In lieu of an abstract, here is a brief excerpt of the content:

  • Twenty Years of PostcommunismIn Search of A New Model
  • Jacques Rupnik (bio)

The twentieth anniversary of the fall of communism, the founding moment for democracy in Central and Eastern Europe, comes at a time when the term "democratic revolution" evokes less a frisson of excitement than a slight twinge of embarrassment in the countries concerned. In Poland and Hungary, one could attribute this to their experience of transition as a peaceful, negotiated affair. Not the celebration of revolution, but rather the complete rejection of all revolutionary logic seems to many a Pole and Hungarian to be 1989's best and truest legacy. Not Paris in 1789, but the "Spanish model" of the 1970s was foremost in the minds of the Polish and Hungarian roundtable participants who secured their respective countries' unexpectedly smooth exits from totalitarian thralldom.

But the consensus ends there. In Poland, the twentieth anniversary of the (nearly) free elections of 4 June 1989 was marked by three separate ceremonies held in three different cities. One featured President Lech Kaczyński, one was overseen by Premier Donald Tusk, and the third was held at parliament in Warsaw. In Hungary, the twentieth anniversary of the May 1989 opening of the border with Austria passed with a notable lack of public fervor and the conspicuous absence from any observance of the main opposition leader, Viktor Orbán. In late June, with the global economic downturn pinching badly, a poll was released suggesting that almost half of all young Hungarians thought life under what used to be called "goulash communism" was better than life today.1

Even in Berlin, where the fall of the Wall on 9 November 1989 gave the communist collapse its iconic moment, the atmosphere was muted in the wake of revelations that Mikhail Gorbachev had played a larger [End Page 105] role in bringing the Wall down than had previously been realized.2 More seriously, an astonishing poll released in March 2009 found that a majority in what had once been East Germany thought that life had been better under the old German Democratic Republic (GDR).3 "Ostalgia" seems to have spread to a new generation that remembers the GDR and its one-party communist dictatorship only vaguely, if at all. The democratization of East Germany through its 1990 reunification with the West—the least painful of all the Eastern bloc transitions—is now seen as a mixed blessing by its greatest beneficiaries.

Looking south to the Czech Republic, we see that the globally resonant "velvet revolution" is now spoken of by Czechs with caution and even diffidence. Former dissident and deputy Senate chairman Petr Pithart prefers the term "takeover";4 the actor and Charter 77 signatory Pavel Landovský suggests the "abolition of serfdom"; and the media refer modestly to "the events of November 1989" or simply "November." Interestingly, nobody in Prague claims to own the "copyright" on the term "velvet revolution" or can identify its author. Václav Havel, that revolution's most prominent figure, attributes the name to a Western journalist. The term, like so much of what followed, seems to have originated in the West.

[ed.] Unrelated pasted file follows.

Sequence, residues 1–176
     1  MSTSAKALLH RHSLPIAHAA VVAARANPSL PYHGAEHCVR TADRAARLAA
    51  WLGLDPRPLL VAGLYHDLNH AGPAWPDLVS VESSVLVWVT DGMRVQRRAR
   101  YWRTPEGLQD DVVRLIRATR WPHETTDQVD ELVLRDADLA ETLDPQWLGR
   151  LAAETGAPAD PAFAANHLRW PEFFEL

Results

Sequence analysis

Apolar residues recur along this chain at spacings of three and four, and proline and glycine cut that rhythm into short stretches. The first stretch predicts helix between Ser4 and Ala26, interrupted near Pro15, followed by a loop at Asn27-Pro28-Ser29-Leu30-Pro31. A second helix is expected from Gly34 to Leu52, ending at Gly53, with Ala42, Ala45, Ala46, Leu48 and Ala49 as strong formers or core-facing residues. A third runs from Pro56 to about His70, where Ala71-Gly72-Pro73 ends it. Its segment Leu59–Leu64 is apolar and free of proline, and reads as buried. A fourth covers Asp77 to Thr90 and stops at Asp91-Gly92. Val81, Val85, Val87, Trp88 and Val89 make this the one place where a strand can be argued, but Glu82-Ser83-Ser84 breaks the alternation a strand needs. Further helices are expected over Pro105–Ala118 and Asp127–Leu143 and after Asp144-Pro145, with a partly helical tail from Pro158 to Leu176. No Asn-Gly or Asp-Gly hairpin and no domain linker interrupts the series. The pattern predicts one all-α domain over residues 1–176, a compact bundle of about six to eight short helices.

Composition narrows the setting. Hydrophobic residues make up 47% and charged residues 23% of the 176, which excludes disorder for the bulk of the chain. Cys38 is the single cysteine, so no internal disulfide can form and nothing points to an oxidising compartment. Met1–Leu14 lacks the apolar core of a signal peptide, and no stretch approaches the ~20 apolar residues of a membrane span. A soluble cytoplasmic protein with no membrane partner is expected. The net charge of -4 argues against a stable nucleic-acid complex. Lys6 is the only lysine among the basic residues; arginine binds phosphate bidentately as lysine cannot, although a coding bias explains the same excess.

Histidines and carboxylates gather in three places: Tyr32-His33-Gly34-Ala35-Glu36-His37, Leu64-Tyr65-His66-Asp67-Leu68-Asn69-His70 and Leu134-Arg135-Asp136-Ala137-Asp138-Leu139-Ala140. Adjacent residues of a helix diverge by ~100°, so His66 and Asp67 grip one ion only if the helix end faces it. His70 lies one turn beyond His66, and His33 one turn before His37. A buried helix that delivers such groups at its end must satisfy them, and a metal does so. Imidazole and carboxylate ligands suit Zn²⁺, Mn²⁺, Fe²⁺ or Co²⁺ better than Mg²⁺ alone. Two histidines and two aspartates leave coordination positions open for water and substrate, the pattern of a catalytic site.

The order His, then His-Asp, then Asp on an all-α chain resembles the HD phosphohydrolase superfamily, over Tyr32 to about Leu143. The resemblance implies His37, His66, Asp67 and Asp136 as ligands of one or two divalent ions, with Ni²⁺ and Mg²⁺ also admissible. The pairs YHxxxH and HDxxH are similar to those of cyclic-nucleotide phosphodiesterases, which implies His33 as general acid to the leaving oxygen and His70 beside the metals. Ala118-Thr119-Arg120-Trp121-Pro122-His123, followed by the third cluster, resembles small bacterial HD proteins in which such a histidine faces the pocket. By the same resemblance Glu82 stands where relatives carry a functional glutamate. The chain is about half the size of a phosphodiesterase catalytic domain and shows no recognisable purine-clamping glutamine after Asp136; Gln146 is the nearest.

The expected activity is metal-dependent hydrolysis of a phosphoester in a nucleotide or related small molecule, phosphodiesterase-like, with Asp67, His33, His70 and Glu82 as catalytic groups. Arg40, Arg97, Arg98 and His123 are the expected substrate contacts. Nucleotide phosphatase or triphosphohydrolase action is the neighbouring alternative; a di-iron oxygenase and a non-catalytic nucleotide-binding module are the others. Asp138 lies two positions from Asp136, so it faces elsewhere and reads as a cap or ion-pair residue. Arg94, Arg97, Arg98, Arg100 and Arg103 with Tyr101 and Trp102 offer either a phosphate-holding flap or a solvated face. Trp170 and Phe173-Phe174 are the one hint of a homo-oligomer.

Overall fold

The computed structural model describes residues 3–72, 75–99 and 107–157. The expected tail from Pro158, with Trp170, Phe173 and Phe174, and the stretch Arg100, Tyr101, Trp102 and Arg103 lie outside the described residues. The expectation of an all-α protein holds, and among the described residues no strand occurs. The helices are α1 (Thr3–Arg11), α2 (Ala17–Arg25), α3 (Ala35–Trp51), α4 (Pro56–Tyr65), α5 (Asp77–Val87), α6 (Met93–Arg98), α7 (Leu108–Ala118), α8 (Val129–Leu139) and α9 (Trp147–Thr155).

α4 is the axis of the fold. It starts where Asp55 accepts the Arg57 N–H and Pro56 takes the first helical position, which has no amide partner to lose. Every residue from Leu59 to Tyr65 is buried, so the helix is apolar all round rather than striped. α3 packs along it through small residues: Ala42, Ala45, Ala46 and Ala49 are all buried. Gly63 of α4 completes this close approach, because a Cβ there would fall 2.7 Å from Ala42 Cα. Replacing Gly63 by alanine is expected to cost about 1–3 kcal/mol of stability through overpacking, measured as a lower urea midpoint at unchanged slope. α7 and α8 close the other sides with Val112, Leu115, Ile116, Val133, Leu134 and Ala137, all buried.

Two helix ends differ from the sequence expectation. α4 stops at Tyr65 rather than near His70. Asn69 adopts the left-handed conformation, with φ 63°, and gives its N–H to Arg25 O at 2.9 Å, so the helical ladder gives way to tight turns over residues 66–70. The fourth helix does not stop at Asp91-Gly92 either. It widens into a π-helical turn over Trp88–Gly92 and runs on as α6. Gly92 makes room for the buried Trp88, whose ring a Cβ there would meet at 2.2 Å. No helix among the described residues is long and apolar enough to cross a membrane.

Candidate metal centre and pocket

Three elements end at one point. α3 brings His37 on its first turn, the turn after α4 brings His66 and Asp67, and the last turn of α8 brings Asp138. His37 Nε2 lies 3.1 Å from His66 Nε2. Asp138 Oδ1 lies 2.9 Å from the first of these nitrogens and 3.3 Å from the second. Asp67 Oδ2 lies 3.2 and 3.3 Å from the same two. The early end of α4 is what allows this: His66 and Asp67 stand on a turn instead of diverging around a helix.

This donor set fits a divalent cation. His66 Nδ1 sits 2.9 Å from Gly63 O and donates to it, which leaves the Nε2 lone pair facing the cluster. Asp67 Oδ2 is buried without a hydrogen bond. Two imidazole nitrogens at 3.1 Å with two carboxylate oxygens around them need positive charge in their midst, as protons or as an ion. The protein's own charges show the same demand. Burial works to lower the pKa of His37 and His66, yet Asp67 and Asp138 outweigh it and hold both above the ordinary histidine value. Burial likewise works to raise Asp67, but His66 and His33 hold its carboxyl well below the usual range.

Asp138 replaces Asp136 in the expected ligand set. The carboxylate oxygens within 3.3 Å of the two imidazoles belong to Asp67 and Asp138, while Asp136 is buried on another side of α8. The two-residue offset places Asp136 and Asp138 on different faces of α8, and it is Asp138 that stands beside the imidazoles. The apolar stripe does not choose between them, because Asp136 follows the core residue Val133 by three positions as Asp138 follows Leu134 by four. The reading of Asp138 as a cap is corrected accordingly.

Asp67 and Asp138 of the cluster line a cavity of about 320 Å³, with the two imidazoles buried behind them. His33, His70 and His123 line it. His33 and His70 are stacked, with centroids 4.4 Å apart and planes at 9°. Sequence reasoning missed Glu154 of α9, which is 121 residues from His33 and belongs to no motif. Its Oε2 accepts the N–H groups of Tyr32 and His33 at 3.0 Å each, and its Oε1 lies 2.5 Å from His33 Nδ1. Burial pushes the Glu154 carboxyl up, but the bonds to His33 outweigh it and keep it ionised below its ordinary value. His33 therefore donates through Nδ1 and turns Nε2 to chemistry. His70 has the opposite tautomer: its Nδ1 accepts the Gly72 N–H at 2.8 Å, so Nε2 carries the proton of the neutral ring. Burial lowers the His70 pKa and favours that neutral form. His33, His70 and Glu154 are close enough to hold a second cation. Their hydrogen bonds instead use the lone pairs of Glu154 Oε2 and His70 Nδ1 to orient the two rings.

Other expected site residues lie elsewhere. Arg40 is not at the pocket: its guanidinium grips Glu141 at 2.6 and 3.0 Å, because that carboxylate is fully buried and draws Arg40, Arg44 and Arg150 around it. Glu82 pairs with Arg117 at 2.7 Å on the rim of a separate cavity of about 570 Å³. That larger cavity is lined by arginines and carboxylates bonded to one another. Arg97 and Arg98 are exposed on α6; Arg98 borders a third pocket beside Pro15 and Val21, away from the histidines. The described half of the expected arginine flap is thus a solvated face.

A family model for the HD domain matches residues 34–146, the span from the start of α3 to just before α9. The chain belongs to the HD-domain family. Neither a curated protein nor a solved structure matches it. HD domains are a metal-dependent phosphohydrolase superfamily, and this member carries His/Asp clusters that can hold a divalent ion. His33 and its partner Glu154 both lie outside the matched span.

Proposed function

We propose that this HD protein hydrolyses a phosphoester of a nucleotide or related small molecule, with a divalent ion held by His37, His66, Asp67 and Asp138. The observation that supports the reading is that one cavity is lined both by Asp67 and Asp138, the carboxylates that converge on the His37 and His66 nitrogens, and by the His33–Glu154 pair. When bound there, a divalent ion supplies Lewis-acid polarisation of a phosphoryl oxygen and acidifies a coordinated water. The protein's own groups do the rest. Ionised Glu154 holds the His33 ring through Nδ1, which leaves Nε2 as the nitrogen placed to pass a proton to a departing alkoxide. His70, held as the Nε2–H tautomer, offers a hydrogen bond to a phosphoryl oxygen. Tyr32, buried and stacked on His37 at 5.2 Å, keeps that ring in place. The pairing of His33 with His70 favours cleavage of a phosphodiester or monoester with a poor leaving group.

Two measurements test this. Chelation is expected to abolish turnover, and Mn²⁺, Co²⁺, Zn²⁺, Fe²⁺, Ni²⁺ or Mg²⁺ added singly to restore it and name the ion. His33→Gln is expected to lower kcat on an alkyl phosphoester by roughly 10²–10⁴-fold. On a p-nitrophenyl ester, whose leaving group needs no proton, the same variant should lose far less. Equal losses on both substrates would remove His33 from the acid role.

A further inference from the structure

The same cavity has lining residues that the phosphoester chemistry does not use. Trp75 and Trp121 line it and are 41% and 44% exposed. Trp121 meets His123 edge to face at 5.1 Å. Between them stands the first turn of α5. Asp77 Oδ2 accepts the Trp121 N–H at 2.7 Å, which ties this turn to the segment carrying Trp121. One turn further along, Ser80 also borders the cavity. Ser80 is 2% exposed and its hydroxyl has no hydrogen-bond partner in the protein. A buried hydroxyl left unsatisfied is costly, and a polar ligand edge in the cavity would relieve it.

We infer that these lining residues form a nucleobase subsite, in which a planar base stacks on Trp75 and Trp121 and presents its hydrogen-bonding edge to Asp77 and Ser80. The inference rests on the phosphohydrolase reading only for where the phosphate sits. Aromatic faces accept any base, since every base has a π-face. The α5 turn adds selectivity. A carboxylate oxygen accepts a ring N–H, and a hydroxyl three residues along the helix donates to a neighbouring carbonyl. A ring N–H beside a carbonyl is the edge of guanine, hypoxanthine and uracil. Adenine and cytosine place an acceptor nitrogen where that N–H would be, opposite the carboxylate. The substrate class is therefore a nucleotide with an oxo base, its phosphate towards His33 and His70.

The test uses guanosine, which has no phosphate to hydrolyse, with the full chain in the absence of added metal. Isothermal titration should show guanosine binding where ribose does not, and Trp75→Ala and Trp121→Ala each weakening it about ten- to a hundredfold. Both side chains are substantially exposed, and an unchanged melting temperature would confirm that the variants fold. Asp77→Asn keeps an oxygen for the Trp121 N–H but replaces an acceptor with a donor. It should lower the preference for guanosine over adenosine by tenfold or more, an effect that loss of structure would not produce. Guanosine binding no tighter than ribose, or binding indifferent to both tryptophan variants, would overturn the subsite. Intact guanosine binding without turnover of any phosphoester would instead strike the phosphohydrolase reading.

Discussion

"Ostalgia" notwithstanding, there is no actual desire in Central and Eastern Europe to return to dictatorship. But there is, unmistakably, a "crisis of expectations," and even a sense of "the revolution betrayed" that expresses itself as disenchantment with democracy after two decades of experience with it. No one pines for communism to come back, but it is clear that democracy can no longer derive its legitimacy from 1989 and the overwhelming rejection of the old regime which that year witnessed.

Even a cursory overview of recent developments unlikely to make it into Western newspapers reveals reasons for the absence of "1989 triumphalism" in the old Warsaw Pact countries. The Baltic real-estate bubble has burst, and Latvia in particular is facing social unrest for the first time. Hungary and Slovakia (which has a Magyar minority) are involved in a simmering war of words and nerves. In Prague, an unelected caretaker government run by an ex-communist statistician holds office while fresh elections are delayed due to an intense political controversy over a Constitutional Court ruling.5 Anyone who thinks...


Additional Information

Print ISSN
pp. 105-112
Launched on MUSE
Open Access
Back To Top

This website uses cookies to ensure you get the best experience on our website. Without cookies your experience may not be seamless.